A shrewd song promotor called "Colonel" Thomas A. Parker was impressed by the early records and took over the management of Mr. Presley's career. Mr. Presley toured in rural areas under the sobriquet "The Hill Billy Cat." Colonel Parker, a character of P. T. Barnum proportions, followed the credo, "Don't explain it, just sell it." He once observed, "I consider it my patriotic duty to keep Elvis up in the 90 percent tax bracket."
    When Colonel Parker went to negotiate with 20th Century-Fox on a film deal that would be Mr. Presley's screen debut, the studio executives dwelled on the singer's youth and inexperience. "Would $25,000 be all right?" one executive finally asked. Colonel Parker replied: "That's fine for me. Now, how about the boy?"
    "Heartbreak Hotel," Mr. Presley's first song hit, was released by RCA in January 1956. A blood- stirring dirge about love and loneliness, it burned up the jukeboxes and eventually sold two million copies.
    A phenomenal string of hit songs followed, and Elvis Presley fan clubs sprouted all over the world; membership at one time numbered 400,000.
    In 1957, he went to Hollywood to make his first film, "Love Me Tender." It opened to unanimous jeers from the critics and grossed between five and six times what it cost to make.
    His later films were conducted equally obnoxious by cinEastes. One critic remarked of "Jailhouse Rock" that Mr. Presley had been "sensitively cast as a slob." Mr. Presley responded, "That's the way the mop flops."
    Drafted Into the Army
    In the spring of 1958, Mr. Presley was drafted into the Army as a private, an event that caused as much stir as an average Super Bowl. "The Pelvis," as he was known, was stationed in West Germany for two years and was given an ecstatic welcome home by his fans.
    In 1967, Mr. Presley married Priscilla Beaulieu, the daughter of an Air Force colonel. They met during his military service, and had a daughter named Lisa Marie, born on Feb. 1, 1968. Although concrete details of their private life remained sketchy through his deliberate design, the fan magazines were full of reports of marital difficulties, and the couple separated in February 1972. They were divorced in Santa Monica, Calif., in 1973.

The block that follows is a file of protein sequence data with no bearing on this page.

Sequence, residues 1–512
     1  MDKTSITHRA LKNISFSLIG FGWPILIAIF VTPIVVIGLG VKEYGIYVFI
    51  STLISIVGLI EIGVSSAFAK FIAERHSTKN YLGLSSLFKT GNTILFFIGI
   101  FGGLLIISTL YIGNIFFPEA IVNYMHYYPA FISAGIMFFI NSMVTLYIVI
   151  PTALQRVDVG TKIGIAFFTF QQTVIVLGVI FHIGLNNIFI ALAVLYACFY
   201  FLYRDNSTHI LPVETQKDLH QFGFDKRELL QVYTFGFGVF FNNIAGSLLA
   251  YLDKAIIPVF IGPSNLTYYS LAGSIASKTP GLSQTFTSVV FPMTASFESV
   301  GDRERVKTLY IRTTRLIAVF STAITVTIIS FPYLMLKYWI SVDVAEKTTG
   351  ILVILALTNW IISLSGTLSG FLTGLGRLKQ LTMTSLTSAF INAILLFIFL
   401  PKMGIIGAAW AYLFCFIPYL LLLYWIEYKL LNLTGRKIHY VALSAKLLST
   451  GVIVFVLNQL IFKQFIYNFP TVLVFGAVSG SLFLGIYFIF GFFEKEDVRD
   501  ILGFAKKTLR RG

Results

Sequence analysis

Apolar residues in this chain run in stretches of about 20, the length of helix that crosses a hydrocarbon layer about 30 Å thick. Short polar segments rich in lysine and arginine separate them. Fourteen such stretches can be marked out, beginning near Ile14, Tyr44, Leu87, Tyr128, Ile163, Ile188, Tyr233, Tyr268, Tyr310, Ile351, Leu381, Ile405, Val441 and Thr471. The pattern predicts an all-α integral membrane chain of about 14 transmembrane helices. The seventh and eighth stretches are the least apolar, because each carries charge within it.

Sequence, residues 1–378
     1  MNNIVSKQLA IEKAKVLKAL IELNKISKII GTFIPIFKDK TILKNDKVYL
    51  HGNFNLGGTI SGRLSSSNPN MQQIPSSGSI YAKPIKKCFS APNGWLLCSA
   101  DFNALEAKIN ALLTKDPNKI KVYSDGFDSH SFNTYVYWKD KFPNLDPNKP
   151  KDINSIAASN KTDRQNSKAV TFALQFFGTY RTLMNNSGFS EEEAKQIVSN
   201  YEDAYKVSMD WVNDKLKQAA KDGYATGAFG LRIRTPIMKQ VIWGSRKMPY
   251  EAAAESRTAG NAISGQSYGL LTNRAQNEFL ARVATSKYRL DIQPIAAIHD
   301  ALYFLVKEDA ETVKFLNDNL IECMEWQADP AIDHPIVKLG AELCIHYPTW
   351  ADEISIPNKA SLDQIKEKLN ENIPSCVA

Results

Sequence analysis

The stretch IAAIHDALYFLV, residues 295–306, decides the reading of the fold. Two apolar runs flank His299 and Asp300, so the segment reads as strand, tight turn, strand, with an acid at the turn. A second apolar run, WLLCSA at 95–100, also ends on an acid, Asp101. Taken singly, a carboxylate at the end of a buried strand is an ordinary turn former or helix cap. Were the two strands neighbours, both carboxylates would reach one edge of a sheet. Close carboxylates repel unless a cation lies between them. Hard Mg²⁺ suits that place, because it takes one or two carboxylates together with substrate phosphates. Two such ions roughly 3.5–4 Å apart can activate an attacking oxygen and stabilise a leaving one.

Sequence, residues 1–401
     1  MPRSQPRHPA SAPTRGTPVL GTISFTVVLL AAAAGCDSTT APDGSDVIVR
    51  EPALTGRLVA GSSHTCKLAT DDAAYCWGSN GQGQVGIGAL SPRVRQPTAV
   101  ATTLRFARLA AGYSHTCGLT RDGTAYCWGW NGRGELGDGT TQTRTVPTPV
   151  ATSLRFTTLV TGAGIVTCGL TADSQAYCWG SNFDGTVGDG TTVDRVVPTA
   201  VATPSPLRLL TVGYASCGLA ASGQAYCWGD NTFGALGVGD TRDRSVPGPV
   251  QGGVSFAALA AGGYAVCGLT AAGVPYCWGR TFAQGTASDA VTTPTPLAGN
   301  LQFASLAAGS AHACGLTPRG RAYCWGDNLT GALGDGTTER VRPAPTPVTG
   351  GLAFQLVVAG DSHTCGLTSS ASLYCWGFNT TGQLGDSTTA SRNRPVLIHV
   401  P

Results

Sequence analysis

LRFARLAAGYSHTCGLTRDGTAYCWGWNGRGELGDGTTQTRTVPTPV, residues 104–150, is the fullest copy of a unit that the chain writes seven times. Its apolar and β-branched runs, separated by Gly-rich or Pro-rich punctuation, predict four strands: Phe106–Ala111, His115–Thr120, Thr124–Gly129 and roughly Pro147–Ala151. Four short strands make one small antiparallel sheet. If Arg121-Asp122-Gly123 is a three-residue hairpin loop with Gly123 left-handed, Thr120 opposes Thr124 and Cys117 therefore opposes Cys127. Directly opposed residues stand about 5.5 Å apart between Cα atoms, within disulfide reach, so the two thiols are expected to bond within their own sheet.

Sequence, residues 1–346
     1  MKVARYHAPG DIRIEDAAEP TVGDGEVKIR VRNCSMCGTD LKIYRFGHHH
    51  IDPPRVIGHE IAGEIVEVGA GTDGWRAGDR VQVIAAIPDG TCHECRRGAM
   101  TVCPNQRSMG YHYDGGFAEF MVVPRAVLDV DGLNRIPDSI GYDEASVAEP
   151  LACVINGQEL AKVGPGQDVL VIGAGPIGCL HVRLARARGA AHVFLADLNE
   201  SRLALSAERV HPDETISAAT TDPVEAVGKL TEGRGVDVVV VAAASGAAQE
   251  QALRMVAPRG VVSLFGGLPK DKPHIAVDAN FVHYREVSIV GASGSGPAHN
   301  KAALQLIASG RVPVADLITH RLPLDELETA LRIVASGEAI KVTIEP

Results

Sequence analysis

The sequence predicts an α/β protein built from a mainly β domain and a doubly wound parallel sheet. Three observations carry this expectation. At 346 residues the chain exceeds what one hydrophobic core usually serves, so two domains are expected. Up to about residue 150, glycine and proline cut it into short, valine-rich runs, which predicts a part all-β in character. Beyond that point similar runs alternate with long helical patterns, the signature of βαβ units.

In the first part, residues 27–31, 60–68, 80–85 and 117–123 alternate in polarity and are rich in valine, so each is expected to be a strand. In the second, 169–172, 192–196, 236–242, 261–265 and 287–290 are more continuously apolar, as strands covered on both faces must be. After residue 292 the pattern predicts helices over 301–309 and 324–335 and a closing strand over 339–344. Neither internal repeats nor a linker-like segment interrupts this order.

Mr. Presley was said to have been a shy person, and rarely granted interviews. He seems to have been scarred by some of the early heavy publicity, and returned from his stint in the Army more withdrawn than he had been.
    In the early 60's, he made no personal or even television appearances, but earned $5 million a year simply by cutting a few records and making three movies a year. He made a picture called "Harem
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    Holiday" in 18 days and was paid $1 million.
    In the 70's Mr. Presley appeared with some frequency in Las Vegas, Nev., nightclubs. Although he sometimes appeared bloated, he was still an excellent showman and audiences always loved him.
    In his nightclub act, he would occasionally parody himself. "This lip used to curl easier," he joked, referring to his one-time trademark of singing with a sneer.
    It was believed that Mr. Presley neither smoked nor drank, but according to the book by his former aides, he depended heavily on stimulant and depressant drugs. He is also said to have been depressed by the book's "iconoclastic" treatment of him.
    He was a generous and often sentimental man. He deeply mourned the death of his mother, and kept a suite for his grandmother, Minnie Presley, at his home in Memphis.
    The house, Graceland, was an 18-room $1 million mansion with a jukebox at the poolside. Mr. Presley surrounded himself with a retinue of young men called the Memphis Mafia, who served as bodyguards, valets and travel agents. He had a passion for cars, especially Cadillacs, which he tended to acquire in multiples.
    Preferred Night Hours
    Mr. Presley also gave Cadillacs away with startling frequency. He would from time to time see some stranger, nose pressed against a car-showroom window, and invite the person to go inside and pick out the color he or she liked best. Mr. Presley would then pay the entire cost of purchase on the spot.
    Mr. Presley was a nocturnal person who thrived when most others were asleep.
    Maurice Elliott, a vice president and spokesman for Baptist Hospital, said Mr. Presley had gone to sleep yesterday morning at 6 A.M. Some time during the evening or early morning hours, Mr. Elliott said Mr. Presley visited a dentist. Then, between 4 A.M. and 5:30 A.M. he played racket ball on the court of his mansion, the hospital official reported.